The challenge: the gender gap in land policy implementation
Burkina Faso’s legal framework for land governance recognizes equal rights for men and women. By law, women, just like men, can obtain formal land possession certificates and inherit the land.
However, due to weak land governance institutions, the land law has so far only been implemented in 112 out of 351 districts. Farmers in Tiarako don’t have access to government land registration services, as their district administration has not been equipped yet with the required human and financial resources.
But even when land ownership is formalized and secured, it is frequently done in the name of the family head, leaving other family members without formal land rights. Therefore, married women remain disadvantaged, and patriarchal control of land is likely to persist even where the land law is enforced.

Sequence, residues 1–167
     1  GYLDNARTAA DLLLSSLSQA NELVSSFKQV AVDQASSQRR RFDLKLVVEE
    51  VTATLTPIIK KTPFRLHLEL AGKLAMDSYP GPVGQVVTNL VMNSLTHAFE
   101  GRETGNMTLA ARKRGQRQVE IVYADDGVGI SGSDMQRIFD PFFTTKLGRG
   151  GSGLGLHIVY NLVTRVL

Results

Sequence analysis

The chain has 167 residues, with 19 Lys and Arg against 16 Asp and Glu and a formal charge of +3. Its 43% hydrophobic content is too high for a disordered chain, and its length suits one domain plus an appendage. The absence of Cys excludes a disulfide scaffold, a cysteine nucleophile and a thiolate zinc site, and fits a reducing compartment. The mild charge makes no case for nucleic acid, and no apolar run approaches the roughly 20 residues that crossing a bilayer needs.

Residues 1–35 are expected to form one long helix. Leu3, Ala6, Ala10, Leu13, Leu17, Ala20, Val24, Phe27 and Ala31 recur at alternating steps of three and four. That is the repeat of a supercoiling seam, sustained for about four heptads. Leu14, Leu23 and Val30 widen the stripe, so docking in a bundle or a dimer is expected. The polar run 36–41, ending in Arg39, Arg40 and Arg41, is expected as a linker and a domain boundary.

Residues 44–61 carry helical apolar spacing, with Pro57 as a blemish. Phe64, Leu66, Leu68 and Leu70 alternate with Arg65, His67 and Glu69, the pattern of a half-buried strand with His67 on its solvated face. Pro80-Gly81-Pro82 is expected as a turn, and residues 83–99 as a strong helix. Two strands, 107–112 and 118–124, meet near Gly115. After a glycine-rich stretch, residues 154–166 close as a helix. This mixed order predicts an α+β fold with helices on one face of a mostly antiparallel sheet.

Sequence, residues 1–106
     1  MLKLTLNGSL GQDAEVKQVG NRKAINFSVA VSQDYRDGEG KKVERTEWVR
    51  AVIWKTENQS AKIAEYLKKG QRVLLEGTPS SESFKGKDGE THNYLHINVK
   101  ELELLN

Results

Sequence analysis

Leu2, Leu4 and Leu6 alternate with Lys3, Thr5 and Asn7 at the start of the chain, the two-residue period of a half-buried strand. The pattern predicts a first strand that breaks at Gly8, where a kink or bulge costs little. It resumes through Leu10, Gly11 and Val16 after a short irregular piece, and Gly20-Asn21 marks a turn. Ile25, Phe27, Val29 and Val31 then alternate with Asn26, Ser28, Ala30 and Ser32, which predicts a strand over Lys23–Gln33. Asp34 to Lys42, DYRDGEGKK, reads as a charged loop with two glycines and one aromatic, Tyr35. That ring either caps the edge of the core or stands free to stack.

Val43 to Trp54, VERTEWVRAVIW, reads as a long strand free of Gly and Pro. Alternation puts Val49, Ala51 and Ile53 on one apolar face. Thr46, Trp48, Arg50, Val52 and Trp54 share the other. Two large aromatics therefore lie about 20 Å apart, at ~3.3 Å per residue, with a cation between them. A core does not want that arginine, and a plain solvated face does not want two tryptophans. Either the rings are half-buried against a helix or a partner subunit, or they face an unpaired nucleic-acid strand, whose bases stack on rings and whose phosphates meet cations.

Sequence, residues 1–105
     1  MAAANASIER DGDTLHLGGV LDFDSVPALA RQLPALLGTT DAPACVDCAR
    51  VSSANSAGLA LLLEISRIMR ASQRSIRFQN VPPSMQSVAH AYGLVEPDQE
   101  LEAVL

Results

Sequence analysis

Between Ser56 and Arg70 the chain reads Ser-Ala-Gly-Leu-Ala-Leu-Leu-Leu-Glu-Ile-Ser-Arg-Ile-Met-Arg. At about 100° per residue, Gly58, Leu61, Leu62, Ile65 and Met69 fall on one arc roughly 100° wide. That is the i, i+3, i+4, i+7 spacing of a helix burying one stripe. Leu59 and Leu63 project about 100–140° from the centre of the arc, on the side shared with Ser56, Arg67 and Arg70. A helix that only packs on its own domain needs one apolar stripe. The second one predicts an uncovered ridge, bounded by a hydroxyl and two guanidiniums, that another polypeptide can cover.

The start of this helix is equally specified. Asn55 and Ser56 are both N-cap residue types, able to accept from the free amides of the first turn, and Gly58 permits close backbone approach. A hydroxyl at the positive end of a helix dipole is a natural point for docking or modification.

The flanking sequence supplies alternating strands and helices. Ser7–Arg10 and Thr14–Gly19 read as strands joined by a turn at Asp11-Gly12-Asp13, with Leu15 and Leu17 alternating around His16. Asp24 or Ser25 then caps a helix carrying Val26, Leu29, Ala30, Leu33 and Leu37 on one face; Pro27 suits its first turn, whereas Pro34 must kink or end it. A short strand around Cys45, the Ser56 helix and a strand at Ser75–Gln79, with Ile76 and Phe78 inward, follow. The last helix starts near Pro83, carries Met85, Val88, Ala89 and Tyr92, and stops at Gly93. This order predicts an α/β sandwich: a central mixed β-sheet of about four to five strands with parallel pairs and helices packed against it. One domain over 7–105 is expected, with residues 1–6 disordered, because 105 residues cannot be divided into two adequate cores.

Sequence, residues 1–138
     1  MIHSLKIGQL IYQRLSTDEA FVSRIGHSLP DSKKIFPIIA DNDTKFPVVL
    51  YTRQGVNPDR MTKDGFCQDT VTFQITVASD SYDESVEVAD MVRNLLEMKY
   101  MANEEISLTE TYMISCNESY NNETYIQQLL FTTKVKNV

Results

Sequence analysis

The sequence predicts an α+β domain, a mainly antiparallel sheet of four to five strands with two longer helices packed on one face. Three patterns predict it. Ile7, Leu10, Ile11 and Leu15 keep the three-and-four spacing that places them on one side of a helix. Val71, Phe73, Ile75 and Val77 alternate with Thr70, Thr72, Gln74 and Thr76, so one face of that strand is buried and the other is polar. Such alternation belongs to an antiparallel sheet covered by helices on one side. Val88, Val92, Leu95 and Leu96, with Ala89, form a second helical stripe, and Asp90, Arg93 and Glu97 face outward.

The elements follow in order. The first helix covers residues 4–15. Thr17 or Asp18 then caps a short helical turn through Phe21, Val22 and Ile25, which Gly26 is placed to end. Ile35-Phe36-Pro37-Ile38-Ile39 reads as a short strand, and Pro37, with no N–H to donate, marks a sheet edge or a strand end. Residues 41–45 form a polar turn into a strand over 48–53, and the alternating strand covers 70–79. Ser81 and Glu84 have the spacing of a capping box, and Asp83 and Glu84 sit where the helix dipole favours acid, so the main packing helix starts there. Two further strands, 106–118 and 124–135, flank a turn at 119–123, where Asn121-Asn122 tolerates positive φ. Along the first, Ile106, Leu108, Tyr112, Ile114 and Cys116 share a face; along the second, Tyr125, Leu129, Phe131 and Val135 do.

The solution: a complementary instrument to the land law
In partnership with the Burkinabé NGO GRAF and local stakeholders, TMG Think Tank has developed a mechanism in Tiarako that builds on traditional land governance systems. Essentially, arrangements on land use rights are negotiated between the male head of the household and his spouse or other female relatives. The goal is to change existing tenure arrangements toward enhanced equality and security for women.
Read the full article on Social innovations to secure women’s land rights in Burkina Faso.